Spread across 2.2 acres and built at a cost of Rs 165 crore, the facility will be one of India’s few 24×7 hospitalsfor dogs, cats, rabbits, and other small animals.
In an exclusive interview with TOI ahead of the inauguration of the Tata Trusts Small Animal Hospital in Mahalaxmi, Ratan Tata said, “A pet is no different from a member of one’s family today. As the guardian of several pets throughout my life, I recognise the need for this hospital.”
He recalled the ordeal he faced before he flew his furry companion to the University of Minnesota in the US for a joint replacement. “But I was too late, and so they froze the dog’s joint in a particular position. That experience enabled me to see what a world-class veterinary hospital was equipped to do,” said Tata. The experience, he said, also led him “to believe that Mumbai should have a veterinary hospital.” However, he could get started on it only in his silver years, after he hung up his boots at Tata Sons as chairman in 2012.
Now in 2024, despite various obstacles, Tata’s dream stands on the brink of realisation. The veterinary hospital, which will be one of India’s largest, will be the latest jewel in the crown of Tata Trusts, helmed by Tata himself. In the past, the Trusts have built the Tata Memorial Hospital—India’s first cancer care hospital, NCPA, Tata Institute of Social Sciences and Indian Institute of Science-Bengaluru.
Initially planned in Kalamboli in Navi Mumbai following a land deal with the state govt in 2017, Tata decided to move the hospital to a central location, recognising the commute time pet parents would face in Mumbai. “This (distance) could’ve been a major deterrent for pet parents, especially those in need of emergency services. With this in mind, finding the right space for land and getting permissions was also a reason for delay,” said Tata.
Covid further delayed it as construction at Mahalaxmi had to be halted after 3 months. “It then took us about a year and a half to realign the agreements, documentation, and paperwork. By the time we returned to normalcy, the expenses of the hospital had also been impacted owing to inflationary costs of steel, manpower and availability of raw materials,” Tata said. The Trusts have a 30-year lease agreement with BMC for the hospital land, which is a stone’s throw from The Bai Sakarbai Dinshaw Petit Hospital For Animals in Parel.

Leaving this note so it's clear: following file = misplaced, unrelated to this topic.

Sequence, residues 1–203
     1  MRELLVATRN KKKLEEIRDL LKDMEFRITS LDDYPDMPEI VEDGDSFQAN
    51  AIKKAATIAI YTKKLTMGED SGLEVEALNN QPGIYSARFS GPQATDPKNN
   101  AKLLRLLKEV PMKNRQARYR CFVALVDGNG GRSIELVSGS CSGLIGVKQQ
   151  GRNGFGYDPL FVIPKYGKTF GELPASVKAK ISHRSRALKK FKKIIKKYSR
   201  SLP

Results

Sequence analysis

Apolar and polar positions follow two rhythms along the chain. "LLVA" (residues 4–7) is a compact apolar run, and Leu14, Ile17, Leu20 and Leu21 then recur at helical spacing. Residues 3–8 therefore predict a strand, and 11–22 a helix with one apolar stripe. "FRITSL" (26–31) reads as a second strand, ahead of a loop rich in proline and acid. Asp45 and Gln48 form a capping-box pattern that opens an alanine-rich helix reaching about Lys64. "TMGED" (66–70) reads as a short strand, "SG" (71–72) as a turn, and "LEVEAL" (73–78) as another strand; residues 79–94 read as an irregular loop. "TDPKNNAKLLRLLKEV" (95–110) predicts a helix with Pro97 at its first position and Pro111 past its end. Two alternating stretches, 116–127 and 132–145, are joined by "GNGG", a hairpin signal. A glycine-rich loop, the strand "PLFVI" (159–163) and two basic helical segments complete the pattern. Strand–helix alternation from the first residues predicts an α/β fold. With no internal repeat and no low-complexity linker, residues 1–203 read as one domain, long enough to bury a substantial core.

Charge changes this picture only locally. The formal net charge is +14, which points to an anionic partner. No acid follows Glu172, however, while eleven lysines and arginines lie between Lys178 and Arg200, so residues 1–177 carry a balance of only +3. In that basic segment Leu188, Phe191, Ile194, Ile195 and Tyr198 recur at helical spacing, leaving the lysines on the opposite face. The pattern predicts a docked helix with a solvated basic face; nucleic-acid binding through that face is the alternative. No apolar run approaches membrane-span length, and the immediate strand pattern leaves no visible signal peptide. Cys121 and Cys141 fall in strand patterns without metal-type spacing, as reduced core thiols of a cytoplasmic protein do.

The ground plus-four storey Tata hospital, which has a capacity for 200 patients, will be led by Thomas Heathcote, a British veterinarian who has relocated to Mumbai for this project. The hospital, which has tied up with five UK veterinary schools including the Royal Veterinary College London for training, will offer surgical, diagnostic and pharmacy services, along with multidisciplinary care for small animals.
“The current healthcare infrastructure for animals is still inadequate. And this hospital, coming from the Tatas, will be a blessing as vets will not think twice before recommending pet parents there,” said Deepa Katyal, a Chembur-based veterinarian.
It will also house a dedicated facility, which will be run by an NGO, catering solely to the welfare of stray dogs. Bombay House, the headquarters of Tata Group, too has an exclusive kennel for strays from the area—thanks to Tata, an ardent dog lover, who had ordered the animals to be given shelter inside the heritage building.
“It is a personal dream of mine that the city should have a state-of-the-art animal health centre… and I am delighted to see it finally come to life. It will be a resource for everyone who owns pets or comes across distressed animals, and it will save a limb, or a life, and help cure disease,” said Tata.
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